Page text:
The RCI, originally proposed by Jacobsen et al [8] and later modified by Christensen and Mendoza, [9] is similar to the ES statistic in that it calculates mean differences between pre-treatment and post-treatment scores but divides the difference by a standard error of measure that includes not only the SD of the measure but also its reliability coefficient. RCI values can be referenced to the normal distribution, and values that exceed 1.96 are unlikely (P < .05) unless an actual and reliable change has occurred. [3] Again, the question arises as to how this statistical method of arriving at a clinically important change compares with patients' own perceptions of a real and worthwhile change in their condition following treatment.

To assess patients' own impressions of change, a global scale from “much better” through “no change” to “much worse” is commonly used. [5, 10, 11] Since patients themselves make a subjective judgement about the meaning of the change to them following treatment, this scale is often taken as the external criterion or “gold standard” of clinically important change. [11] This makes intuitive sense and underlies current debates on statistical versus clinical significance. [12] Hence, in clinical trials in which end points cannot be directly measured, for example in pain conditions, assessing patients' experiences and what makes a difference to them in terms of a worthwhile and meaningful improvement is pivotal. Moreover, it is worth noting that statistical significance of change scores is derived from outcome measures that again rely on patients' interpretations and subjective judgments colored by their experiences of their condition.

The study reported in this article uses a patient self-report global change questionnaire based on a 7-point numerical rating scale (NRS) to determine from the patients' own perspective the degree of change (improvement) following treatment. This change was judged for its clinical importance by asking patients just how noticeable the change was. Using this as the “gold standard” of clinically significant improvement, the objectives of the study were to determine the sensitivity and specificity of statistical methods of determining clinically significant improvement, namely: (1) the RCI; (2) the ES statistic; and (3) the outcome measure's raw score and percentage score changes.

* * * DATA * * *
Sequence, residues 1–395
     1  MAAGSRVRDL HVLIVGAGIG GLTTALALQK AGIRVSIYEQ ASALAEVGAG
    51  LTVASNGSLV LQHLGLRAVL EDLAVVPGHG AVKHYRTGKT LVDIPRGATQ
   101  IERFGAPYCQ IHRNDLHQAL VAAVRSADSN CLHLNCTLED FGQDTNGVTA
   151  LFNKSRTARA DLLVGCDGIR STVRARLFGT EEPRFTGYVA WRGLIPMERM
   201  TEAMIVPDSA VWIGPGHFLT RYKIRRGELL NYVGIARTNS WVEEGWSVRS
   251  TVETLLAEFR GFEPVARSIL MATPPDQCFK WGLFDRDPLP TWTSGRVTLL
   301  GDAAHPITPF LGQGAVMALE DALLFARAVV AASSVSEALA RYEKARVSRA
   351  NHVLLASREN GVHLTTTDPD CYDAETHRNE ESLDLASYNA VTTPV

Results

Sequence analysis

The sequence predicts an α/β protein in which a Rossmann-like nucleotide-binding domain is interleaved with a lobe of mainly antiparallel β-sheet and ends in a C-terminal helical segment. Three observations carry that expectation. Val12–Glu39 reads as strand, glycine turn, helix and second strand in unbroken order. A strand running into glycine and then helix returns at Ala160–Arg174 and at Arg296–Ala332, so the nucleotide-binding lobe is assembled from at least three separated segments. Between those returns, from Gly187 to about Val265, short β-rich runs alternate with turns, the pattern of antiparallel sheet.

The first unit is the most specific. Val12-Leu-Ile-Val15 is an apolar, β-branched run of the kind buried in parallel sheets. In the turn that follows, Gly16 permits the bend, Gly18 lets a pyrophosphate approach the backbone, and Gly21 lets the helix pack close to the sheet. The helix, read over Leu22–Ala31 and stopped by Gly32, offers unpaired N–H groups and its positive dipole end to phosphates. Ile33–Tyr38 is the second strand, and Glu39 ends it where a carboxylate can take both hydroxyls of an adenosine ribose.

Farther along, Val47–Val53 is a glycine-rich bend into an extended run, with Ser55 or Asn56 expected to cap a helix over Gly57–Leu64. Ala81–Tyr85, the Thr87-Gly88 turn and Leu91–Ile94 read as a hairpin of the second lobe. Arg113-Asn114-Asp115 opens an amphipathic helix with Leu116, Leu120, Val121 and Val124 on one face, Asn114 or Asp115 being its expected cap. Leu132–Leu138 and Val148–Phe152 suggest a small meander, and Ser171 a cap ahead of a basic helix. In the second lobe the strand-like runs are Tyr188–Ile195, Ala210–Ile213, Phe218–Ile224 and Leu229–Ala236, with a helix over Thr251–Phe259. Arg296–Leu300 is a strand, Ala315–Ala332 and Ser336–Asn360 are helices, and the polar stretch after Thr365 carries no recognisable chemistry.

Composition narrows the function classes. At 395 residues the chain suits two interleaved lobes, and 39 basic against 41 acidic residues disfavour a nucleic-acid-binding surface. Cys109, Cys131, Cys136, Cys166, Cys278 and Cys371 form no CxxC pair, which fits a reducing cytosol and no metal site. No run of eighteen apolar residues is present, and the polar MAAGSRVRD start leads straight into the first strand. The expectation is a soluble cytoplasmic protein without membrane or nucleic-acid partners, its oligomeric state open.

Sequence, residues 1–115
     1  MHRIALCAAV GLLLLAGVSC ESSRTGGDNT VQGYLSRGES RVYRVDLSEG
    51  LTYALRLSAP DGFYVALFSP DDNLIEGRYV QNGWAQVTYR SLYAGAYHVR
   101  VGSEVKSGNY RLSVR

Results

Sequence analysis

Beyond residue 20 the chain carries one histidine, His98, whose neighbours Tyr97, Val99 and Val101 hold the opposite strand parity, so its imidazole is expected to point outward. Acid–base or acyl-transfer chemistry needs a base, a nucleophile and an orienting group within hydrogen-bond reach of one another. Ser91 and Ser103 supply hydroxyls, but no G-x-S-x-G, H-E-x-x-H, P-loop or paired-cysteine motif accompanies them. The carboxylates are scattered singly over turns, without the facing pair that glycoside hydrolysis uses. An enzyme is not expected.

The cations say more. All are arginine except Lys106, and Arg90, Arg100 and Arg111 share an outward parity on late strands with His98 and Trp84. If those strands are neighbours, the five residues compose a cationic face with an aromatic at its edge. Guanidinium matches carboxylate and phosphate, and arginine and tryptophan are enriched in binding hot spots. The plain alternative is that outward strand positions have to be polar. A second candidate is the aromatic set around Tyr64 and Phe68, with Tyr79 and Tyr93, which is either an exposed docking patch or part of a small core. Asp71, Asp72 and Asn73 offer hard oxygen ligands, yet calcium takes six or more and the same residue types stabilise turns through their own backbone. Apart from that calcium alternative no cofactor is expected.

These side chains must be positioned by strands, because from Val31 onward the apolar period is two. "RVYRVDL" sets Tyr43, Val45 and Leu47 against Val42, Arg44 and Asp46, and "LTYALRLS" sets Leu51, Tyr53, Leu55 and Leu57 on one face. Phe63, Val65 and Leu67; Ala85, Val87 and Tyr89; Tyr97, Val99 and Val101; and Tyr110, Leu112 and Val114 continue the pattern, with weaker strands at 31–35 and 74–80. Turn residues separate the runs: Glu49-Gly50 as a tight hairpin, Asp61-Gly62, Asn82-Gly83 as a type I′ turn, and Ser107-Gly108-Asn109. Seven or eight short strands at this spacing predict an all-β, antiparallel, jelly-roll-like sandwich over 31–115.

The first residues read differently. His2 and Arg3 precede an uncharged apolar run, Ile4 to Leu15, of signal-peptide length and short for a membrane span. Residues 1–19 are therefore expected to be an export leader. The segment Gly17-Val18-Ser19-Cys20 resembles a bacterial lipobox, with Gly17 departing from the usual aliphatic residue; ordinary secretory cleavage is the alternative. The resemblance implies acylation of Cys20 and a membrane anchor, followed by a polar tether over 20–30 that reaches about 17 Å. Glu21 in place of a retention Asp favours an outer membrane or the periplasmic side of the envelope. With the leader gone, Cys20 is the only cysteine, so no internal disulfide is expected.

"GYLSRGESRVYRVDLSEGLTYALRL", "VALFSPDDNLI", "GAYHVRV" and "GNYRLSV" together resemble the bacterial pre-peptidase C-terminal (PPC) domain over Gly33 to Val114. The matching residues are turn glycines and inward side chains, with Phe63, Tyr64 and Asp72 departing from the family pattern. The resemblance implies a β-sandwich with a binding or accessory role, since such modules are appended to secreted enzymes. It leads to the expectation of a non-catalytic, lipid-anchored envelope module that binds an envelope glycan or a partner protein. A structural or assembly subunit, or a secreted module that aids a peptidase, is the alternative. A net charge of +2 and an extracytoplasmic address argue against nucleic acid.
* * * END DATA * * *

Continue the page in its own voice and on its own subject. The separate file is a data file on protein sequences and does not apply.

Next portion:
Deyo and Centor [13] highlighted the importance of a measure not only in its ability to detect a clinically important change when it has occurred but equally in its ability to detect when a clinically important change has not occurred. The issue is therefore not merely one of sensitivity to change but also the ability of a measure to distinguish between those patients who do improve and those who do not. All the statistical methods under test in this study were based on individual change scores before and after treatment recorded on the Bournemouth Questionnaire (BQ), a multidimensional outcome measure based on the biopsychosocial model of musculoskeletal pain and validated for use in back [14] and neck [15] pain patients.


In this study, 3 statistical methods derived from different computations of change scores on the BQ were investigated for their ability to distinguish patients who had undergone a clinically significant change from those who had not. The a priori definition of clinically significant improvement was a score of 6 or more on a 7-point NRS based on patients' global impression of change in their condition following treatment. This equated to feeling better or much better and a noticeable, worthwhile, and meaningful change. This anchor-based method has been used in many other studies to determine clinically significant change. [11, 21, 22, 23] In the absence of a true gold standard, asking patients themselves what constitutes a meaningful change to them, with all the attendant internal and external factors that might influence such judgment, seems intuitively the best that can be done when investigating issues of clinically important change.

This study identified from 70% to 80% agreement in categorizing patients as improved or not improved between asking patients directly on a PGIC scale and indirectly using cutoff values with high sensitivity and specificity on outcome measures. Since both methods rely on patients' own subjective judgements about change in their condition, this is reassuring. Many agreement studies rule out agreement that occurs by chance by using the k statistic in data analyses instead of simple percent agreement. However, in this case, since the data were not recorded as binary variables, the K statistic was not considered to be an appropriate method of analysis.

One of the 3 statistical methods used to categorize patients as improved and not improved, the RCI, gave anomalous results both in identifying the proportion of neck patients in the sample who improved and in calculations involving the PGIC scale. Neither of these findings was apparent when the RCI was used in back patients. The reliability coefficient of the neck BQ was relatively low, and this may have resulted in an overrigorous threshold for identifying patients who improved. Caution is therefore indicated when identifying clinically important improvement using the RCI for outcome measures in which reliability is moderate to poor.